Charles Hunt was a genre painter who was born in Lambeth, Surrey in 1803. He was married to Elizabeth and lived in St Pancras, Kensington and Fulham. He was also a highly skilled engraver and is known to have worked with George Hunt to whom he was probably related. He was the founder of a dynasty of painters: he was the father of Charles Hunt Jnr (1829-1900) and grandfather to Reuben Hunt (1858-1938), Claude Hunt (1863-1949), Walter Hunt (1861-1941) and Edgar Hunt (1876-1955), all of whom became well-known artists.
Initially, he only started exhibiting at the private galleries until around 1846. Perhaps due to his success as an engraver, he didn’t start exhibiting at the major London galleries until he was in his late 50’s. He exhibited at the Royal Academy between 1862 and 1873 with titles including ‘Vocal and Instrumental’, ‘The Banquet Scene’, ‘Macbeth’ and ‘Make Way for the Grand Jury’. He also exhibited at the British Institution and Suffolk Street.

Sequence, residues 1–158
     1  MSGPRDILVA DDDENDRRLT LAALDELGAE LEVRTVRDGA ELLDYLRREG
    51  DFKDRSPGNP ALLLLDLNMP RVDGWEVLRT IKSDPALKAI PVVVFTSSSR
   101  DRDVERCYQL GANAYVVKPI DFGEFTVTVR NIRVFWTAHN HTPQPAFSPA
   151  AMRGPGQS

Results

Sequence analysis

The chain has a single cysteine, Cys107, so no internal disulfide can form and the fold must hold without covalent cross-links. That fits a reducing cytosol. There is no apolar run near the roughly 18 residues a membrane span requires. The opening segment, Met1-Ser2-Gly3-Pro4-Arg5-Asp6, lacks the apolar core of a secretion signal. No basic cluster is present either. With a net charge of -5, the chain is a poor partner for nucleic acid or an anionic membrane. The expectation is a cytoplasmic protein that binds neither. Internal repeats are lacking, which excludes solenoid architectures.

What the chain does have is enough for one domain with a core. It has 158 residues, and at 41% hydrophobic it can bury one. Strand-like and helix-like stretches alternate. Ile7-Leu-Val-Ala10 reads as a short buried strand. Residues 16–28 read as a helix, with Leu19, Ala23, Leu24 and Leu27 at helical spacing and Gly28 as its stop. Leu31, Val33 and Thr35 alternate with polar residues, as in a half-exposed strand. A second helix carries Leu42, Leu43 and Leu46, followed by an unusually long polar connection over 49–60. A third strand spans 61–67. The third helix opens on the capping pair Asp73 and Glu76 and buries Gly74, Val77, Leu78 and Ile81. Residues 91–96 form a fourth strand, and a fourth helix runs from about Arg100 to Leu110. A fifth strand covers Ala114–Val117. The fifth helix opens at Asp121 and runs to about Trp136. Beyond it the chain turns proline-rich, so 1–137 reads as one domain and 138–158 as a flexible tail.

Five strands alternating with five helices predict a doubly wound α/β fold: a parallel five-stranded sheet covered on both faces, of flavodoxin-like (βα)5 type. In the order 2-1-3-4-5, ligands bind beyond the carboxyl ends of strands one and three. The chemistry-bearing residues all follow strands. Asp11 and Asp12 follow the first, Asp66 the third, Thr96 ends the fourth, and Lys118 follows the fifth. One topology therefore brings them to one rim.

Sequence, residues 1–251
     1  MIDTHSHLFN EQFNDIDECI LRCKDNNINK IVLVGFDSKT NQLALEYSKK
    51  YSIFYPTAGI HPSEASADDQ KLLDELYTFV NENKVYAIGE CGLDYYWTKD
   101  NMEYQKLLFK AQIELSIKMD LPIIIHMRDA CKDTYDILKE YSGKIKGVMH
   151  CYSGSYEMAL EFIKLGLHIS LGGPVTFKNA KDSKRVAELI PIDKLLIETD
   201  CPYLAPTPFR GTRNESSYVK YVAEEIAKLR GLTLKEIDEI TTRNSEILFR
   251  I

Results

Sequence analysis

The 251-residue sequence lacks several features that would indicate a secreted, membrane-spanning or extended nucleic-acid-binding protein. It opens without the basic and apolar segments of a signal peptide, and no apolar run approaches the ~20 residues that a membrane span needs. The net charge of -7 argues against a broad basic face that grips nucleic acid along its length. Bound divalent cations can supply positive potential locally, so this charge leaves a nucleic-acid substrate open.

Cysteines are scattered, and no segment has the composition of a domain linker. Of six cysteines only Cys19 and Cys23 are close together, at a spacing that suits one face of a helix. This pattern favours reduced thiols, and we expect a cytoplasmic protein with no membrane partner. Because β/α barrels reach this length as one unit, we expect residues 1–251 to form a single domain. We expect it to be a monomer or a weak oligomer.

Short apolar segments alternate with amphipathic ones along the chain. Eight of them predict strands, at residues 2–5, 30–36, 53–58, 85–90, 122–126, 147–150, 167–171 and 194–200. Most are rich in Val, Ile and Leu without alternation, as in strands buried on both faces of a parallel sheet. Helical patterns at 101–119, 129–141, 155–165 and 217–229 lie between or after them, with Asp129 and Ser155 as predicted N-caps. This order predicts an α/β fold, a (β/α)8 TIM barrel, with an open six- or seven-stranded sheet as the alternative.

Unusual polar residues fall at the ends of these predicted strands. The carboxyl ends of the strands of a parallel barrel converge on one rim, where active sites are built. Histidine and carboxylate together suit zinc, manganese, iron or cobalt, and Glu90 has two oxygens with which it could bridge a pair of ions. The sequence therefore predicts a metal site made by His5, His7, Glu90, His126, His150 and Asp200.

Hunt specialised in painting humorous scenes with children often as actors or dressed up as in this wonderful example. Works by him can be found at the Bury Art Museum, Ferens Art Gallery, Harris Museum, National Maritime Museum and the V&A as well as being held by Halton Borough Council and Calderdale Borough Council.
The painting is housed in a new, English made gilt frame which is in excellent condition.
|Image Size||14 inches x 20.75 inches (35.5cm x 52.5cm)|
|Framed Size||20.5 inches x 27.25 inches (52cm x 69.5cm)|